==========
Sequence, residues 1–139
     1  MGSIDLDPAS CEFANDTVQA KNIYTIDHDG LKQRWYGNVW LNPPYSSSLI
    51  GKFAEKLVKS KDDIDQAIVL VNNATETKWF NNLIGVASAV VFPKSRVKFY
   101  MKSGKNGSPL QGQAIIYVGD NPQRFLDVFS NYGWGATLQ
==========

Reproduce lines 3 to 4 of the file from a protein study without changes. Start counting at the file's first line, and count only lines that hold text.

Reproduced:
    51  GKFAEKLVKS KDDIDQAIVL VNNATETKWF NNLIGVASAV VFPKSRVKFY
   101  MKSGKNGSPL QGQAIIYVGD NPQRFLDVFS NYGWGATLQ